U.S. Reps. Adam Smith (D-Wash.) and Cathy McMorris Rodgers (R-Wash.) today introduced the Medicaid Access Project through Information Technology (MAP IT) to lower health care costs. The bill promotes the modernization of health record systems to prevent medical errors and to increase instant access to medical information for patients and doctors.
Specifically, MAP IT will allow for the creation of a demonstration project to provide a more modern, technology-based system for managing chronic disease for Medicaid recipients.
“Our out-of-date health record system drives up costs. Under the current paper-based system, doctors and patients lack instant access to medical information, which leads to medical errors and inefficiency. Our pilot project would use efficient, updated technology to improve care quality for Medicaid patients and to decrease costs to states and the federal government,” Smith said.
The project will give chronic disease patients and caregivers access to their medical records and to information about their disease. Patients will be able to communicate with health educators in a variety of ways. Patients will also be provided access to their Personal Health Record, allowing them to record and track their health information. Physicians and other caregivers will have access to updated treatment and status information for chronic disease patients and a virtual case management tool.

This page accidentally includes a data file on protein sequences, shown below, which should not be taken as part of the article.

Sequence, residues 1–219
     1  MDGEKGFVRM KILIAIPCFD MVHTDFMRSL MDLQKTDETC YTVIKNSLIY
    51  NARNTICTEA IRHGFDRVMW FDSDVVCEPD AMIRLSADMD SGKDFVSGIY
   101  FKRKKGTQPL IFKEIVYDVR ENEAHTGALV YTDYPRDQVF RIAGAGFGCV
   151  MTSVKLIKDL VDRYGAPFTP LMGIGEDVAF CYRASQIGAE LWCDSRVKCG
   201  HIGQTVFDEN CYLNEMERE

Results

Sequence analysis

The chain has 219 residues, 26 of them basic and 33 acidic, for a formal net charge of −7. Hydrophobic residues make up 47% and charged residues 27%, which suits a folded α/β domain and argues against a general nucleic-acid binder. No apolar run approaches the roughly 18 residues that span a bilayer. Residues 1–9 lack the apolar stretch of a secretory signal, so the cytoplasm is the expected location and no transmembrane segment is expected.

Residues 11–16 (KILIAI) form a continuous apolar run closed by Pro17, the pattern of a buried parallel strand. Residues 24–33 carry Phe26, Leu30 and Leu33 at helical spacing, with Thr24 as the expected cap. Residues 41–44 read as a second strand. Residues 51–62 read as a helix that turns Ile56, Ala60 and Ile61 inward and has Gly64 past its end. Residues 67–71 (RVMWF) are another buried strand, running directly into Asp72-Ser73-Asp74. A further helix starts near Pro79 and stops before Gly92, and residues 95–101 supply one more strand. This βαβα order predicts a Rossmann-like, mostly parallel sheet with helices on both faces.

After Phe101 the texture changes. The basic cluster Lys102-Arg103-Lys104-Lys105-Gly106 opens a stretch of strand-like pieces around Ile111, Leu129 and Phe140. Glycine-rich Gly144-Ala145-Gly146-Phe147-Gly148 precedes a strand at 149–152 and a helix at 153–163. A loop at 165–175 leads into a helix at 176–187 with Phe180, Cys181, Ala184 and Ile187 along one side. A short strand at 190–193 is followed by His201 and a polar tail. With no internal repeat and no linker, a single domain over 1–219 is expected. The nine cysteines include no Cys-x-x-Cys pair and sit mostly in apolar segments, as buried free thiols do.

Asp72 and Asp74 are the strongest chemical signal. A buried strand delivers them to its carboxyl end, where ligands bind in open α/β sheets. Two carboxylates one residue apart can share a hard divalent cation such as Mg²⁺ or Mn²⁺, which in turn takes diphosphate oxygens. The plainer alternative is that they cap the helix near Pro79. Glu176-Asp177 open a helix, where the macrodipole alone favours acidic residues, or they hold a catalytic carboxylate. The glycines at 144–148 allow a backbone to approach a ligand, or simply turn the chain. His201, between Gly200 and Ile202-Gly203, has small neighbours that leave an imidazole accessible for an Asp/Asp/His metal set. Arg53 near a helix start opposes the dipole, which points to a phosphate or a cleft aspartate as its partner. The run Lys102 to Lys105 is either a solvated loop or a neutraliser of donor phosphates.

“We are all worried about the rising costs of health care and now is the time to focus our efforts on using innovative technology to help meet our health care needs,” said McMorris Rodgers. “Health information technology has the potential to revolutionize the way health care is delivered and received. This pilot project will help reduce costs within Medicaid, empower patients with the necessary tools to manage their disease, and improve quality of care by reducing errors.”
Without changes to our health care system, analysts predict Medicaid will bankrupt every state in as little as twenty years. By providing online access for managing chronic disease, states can significantly reduce Medicaid costs. An August 2005 study by the Institute for Public Policy and Economic Analysis at Eastern Washington University found that every dollar spent on technology-enabled disease management program saves up to ten dollars in medical and non-medical expenditures.
In addition to cost-savings, the use of health IT ensures overall health care delivery is safe and more comprehensive. According to the Institute of Medicine, at least 1.5 million Americas are sickened, injured or killed each year by errors in prescribing, dispensing or taking medications. By allowing providers to access real-time data, doctors can treat patients with the most recent advancements in medicine and according to the best practices in medicine.
Under the bill proposed by Smith and McMorris Rodgers, the Centers for Medicare and Medicaid Services will select at least four proposals to perform the demonstration projects from those submitted by states. The demonstrations would last for two years followed by an evaluation to determine the resulting cost savings.